I voted yes on the NATO/G-8 Ordinance, proposed by Mayor Emanuel, today.
Almost everyone agrees that having these two summits in our city is a great opportunity to solidify our rightful place as a world city. While my original position was to vote against this ordinance, my opinion changed over the last two days, because of the concessions and changes made to the original proposal.
The ordinance itself is not as extreme as many, with their own agendas, have made it seem. The administration rolled back a number of the pieces of the ordinance, which were of most concern (most notably the steep fine increases). There is definitely a reality gap between the perception and reality of this ordinance.
I'm very surprised by the mishandling of this whole thing. I checked my email on Tuesday morning and there were over 2,000 emails from people urging me to vote no.
But, in the end, I don't believe that the particulars of this ordinance significantly curtail 1st Amendment rights enough to justify a no vote.
I have organized and participated in many protests in our city. One of my favorite books is All the Power: Revolution Without Illusion by Mark Anderson and I'm currently reading Radical Disciple -- a book about Father Pfleger. I was involved in the anti-death penalty movement for ten years before I became an alderman. The day that this useless and racist punishment was abolished in Illinois was one my favorite days. In 2003, I helped organize the Chicago rally against the Iraq War, which saw thousands of people take to our streets. I was arrested in front of ICE last February for protesting our insane anti-immigrant laws.
I believe in the power of protesting. But, even more importantly, I believe in the right to protest. The 1st Amendment is one of the major things, which makes our country special and instead of seeking ways to give 1st Amendment rights to corporations; government needs to be focused on expanding these rights to individuals as much as possible.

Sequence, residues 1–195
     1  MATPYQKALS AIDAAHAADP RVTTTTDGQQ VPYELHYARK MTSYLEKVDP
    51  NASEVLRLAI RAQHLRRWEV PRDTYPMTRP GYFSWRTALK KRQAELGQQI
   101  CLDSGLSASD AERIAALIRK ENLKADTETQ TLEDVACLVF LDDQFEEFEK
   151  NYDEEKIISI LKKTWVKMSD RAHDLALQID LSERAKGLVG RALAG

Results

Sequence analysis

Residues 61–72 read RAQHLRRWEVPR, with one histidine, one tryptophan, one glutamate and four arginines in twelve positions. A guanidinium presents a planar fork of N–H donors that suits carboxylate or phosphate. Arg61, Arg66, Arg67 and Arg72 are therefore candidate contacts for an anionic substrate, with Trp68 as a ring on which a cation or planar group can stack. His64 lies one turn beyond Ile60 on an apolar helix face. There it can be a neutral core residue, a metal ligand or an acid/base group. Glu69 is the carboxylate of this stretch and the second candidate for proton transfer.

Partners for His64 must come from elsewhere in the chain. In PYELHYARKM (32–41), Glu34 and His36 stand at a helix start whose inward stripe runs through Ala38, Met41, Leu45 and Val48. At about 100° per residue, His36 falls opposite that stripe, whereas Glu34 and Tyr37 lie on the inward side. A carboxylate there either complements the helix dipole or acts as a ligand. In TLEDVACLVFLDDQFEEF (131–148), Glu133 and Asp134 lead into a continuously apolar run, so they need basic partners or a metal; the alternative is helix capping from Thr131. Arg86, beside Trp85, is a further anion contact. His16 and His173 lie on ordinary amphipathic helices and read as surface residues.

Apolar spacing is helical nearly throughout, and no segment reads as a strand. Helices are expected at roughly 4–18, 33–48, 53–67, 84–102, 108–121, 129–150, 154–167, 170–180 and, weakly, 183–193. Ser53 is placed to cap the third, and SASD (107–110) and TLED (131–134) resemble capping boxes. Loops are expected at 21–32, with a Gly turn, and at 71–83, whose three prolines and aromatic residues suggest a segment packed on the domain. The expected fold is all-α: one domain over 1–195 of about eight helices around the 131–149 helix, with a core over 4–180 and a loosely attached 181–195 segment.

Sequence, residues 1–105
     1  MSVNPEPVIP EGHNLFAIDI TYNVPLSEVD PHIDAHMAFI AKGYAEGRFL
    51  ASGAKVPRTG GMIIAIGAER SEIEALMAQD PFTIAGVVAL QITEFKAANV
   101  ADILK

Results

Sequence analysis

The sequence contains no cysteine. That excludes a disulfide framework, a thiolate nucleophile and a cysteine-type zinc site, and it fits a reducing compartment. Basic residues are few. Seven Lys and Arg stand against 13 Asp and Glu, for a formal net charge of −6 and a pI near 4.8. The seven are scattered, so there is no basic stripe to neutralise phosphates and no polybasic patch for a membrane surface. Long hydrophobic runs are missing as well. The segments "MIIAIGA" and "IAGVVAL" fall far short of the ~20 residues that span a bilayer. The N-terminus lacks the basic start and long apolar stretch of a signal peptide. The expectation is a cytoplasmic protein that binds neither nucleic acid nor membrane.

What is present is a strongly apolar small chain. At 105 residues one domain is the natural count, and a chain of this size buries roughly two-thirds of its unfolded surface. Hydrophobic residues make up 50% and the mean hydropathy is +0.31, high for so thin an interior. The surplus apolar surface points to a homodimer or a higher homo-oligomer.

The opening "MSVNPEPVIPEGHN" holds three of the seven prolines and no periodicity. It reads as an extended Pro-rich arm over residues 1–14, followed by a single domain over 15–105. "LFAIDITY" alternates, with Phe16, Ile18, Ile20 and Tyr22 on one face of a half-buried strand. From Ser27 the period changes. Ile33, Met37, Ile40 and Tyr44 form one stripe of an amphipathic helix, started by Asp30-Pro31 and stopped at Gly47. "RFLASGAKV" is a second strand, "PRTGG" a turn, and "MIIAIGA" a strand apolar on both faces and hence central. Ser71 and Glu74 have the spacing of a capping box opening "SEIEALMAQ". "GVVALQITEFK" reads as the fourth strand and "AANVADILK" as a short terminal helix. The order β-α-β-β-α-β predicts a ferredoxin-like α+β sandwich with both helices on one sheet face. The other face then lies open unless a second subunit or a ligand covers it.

I still have concerns with the ordinance; specifically the ability to deputize officers from other states, which the administration has agreed to better clarify.
Today, I voted in favor of this ordinance because as a member of the City Council, public safety is my most important responsibility and if people are violent (like in Seattle in 1999) they must be swiftly arrested and the violence put to an end.
I have a lot of faith in the Chicago Police Department, who are well aware of their history of "dealing" with protests. The way they handled the Occupy protests in Grant Park late last year was infinitely superior to their fellow police officers around the country (especially the NYPD and Oakland PD, who in many instances made themselves look like idiots). I believe that the CPD will not abuse these new tools and will handle NATO and G-8 with a high degree of professionalism and respect.
It would have been easy for me to vote no on this ordinance. I know that I disappointed many of my supporters today. But, I don't want to be someone who refuses to compromise and doesn't give any ground. I'm not interested in beating my chest and becoming someone who can't get anything of substance done for my constituents.
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